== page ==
The time function is used to return the current time in seconds since the unix epoch, this is also known as unix time; the unix epoch is defined as January 1 1970 00:00:00 GMT.
Right now there has approximately passed x seconds since the unix epoch, and the current date in a readable Y-m-d H:i:s format is: x.
The format of the date can be adjusted as needed, there are also different options that you can use depending your preferred date/time formatting.
You can show a human readable version of the number returned by time by combining it with the date function:
$tomorrow = time() + 86400; // 86.400 is equal to ~1 day in seconds echo 'Tomorrow: '. date('Y-m-d H:i:s', $tomorrow) ."\n";
Tomorrow: 2021-02-15 12:01:11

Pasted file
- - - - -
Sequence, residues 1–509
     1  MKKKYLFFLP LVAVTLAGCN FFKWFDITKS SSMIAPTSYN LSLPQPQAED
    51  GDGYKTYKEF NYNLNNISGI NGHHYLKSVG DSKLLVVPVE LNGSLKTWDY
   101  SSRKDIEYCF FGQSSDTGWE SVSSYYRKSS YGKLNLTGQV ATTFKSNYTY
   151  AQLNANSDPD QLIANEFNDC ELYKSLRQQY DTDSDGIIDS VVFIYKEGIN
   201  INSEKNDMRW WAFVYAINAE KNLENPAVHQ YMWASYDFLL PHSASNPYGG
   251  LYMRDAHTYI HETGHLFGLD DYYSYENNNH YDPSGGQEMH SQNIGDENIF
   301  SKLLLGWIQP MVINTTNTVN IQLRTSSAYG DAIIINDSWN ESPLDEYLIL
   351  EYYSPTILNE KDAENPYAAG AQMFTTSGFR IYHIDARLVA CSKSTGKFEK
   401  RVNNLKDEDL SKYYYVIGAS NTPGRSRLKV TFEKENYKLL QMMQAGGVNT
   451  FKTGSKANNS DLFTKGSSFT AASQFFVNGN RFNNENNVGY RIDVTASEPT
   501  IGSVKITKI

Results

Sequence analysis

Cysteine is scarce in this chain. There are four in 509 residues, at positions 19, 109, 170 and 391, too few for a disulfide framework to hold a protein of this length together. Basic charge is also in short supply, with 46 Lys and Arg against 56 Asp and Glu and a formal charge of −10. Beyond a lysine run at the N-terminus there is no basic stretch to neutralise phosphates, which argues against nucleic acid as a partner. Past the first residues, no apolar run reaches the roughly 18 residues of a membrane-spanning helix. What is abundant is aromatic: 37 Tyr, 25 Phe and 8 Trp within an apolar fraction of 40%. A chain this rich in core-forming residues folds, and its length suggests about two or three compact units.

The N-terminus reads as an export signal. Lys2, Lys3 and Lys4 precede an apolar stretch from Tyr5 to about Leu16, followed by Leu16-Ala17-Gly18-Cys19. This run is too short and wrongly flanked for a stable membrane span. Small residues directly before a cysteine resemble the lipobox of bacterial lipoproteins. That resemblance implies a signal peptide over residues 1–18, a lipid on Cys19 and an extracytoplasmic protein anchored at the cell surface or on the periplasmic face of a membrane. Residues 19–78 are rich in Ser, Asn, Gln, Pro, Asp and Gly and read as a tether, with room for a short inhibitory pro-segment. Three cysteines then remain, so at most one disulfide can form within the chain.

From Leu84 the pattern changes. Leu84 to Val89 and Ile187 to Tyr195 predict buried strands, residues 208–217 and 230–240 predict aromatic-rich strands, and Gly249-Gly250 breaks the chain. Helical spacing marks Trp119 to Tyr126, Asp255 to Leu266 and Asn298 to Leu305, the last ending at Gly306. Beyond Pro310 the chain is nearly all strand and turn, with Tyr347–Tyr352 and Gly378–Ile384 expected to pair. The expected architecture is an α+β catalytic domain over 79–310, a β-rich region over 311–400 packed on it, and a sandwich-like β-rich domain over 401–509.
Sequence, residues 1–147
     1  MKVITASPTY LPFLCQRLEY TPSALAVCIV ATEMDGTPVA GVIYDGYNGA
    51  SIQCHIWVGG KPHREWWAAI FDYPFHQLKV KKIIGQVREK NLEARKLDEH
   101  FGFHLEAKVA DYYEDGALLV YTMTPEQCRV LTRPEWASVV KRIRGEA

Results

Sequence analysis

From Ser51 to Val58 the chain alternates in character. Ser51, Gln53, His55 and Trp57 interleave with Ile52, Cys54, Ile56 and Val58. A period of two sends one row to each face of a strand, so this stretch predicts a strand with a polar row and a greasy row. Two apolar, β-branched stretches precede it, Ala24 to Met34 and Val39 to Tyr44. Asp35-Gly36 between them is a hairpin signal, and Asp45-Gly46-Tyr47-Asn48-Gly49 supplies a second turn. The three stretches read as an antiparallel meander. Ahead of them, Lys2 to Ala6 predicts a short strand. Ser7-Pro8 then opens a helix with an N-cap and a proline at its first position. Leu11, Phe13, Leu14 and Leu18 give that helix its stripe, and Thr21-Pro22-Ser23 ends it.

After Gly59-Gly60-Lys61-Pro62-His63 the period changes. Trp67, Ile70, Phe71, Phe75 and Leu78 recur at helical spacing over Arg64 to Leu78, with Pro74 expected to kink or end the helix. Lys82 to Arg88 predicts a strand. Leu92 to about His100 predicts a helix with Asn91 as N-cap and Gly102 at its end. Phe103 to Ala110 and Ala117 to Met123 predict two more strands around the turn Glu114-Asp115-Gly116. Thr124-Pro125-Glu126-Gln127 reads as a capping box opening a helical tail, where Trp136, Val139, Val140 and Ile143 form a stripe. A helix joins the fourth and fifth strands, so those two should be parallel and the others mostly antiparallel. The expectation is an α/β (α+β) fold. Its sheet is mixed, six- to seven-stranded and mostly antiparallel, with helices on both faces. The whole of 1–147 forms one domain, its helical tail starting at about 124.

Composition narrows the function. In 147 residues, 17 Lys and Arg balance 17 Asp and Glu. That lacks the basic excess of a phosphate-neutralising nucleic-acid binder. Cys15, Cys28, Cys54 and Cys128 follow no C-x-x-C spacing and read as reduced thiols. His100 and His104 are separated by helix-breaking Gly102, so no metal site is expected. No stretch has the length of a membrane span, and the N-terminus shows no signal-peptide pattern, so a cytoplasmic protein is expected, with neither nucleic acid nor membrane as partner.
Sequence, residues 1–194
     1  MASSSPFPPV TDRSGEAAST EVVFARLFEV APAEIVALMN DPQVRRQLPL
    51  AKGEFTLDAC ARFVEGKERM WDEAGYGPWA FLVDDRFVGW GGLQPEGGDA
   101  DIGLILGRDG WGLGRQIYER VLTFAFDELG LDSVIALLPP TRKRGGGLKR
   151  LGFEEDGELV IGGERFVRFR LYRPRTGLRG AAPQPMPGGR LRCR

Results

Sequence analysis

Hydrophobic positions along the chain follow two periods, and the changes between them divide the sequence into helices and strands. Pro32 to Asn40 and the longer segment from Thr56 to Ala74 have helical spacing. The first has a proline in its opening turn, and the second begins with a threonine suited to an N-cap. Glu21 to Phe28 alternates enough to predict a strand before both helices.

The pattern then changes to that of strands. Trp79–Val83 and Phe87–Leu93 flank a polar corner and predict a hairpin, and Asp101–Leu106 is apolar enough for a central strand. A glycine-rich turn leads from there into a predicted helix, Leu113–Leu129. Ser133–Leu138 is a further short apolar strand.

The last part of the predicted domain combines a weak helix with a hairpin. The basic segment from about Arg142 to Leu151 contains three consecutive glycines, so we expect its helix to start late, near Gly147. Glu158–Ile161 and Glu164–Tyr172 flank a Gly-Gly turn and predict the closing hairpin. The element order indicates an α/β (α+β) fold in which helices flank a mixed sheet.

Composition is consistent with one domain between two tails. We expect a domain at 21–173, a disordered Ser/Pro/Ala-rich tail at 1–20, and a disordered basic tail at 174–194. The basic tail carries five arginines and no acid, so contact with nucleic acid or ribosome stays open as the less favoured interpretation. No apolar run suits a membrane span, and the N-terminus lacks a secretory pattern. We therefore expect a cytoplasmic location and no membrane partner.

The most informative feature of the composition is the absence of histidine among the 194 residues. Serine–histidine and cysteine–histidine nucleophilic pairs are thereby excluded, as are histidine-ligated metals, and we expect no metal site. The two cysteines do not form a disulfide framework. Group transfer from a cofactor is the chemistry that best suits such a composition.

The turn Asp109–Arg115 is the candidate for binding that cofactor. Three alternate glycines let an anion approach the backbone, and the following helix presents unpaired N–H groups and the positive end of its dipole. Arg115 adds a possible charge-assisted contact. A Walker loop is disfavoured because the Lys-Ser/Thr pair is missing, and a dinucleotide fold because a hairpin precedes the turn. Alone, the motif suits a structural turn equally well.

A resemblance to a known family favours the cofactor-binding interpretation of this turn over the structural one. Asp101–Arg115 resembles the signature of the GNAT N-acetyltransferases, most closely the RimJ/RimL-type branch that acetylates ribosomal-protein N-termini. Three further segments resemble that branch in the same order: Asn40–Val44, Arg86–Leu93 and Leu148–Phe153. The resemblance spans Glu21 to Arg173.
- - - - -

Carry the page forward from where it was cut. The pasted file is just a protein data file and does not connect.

To get the current date, simply call the date function directly:
date_default_timezone_set("UTC"); echo date('Y-m-d H:i:s'); // 2021-02-14 12:01:11
The time function always returns a timestamp that is independent of time zone (UTC), so remember to define the time zone using date_default_timezone_set when using the date function.
The time function returns an integer and does not accept any parameters.
The following table shows how many seconds there is over different time spans:
Note that these values are not precise due to leap seconds, and also because some months have 30 days while others only have 26 days. If precision is important, you should instead use the date function.